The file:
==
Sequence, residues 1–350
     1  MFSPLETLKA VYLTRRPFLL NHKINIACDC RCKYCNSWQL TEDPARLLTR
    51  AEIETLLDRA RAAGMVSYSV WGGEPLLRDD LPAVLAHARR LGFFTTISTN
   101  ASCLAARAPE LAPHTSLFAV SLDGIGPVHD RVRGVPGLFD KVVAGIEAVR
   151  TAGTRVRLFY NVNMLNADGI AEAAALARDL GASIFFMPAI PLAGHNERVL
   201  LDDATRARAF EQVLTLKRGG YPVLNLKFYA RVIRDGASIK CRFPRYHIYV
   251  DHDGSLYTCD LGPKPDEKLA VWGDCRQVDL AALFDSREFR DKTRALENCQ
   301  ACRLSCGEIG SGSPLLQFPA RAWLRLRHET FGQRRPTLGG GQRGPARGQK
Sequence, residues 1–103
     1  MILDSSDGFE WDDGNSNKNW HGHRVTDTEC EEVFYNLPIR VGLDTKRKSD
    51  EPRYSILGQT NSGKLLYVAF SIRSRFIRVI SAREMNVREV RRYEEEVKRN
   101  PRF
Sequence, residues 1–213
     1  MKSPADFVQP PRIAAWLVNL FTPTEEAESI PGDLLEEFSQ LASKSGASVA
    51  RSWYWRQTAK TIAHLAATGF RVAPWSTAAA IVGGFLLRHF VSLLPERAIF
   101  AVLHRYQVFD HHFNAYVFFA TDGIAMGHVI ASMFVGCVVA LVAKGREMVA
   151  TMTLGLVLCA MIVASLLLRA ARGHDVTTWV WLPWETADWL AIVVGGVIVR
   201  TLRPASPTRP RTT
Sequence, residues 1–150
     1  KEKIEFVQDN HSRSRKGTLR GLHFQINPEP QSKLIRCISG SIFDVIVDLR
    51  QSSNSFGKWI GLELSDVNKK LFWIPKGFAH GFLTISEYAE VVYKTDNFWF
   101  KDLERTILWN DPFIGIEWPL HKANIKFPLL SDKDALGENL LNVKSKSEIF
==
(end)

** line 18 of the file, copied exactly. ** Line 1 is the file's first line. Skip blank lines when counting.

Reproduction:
   201  TLRPASPTRP RTT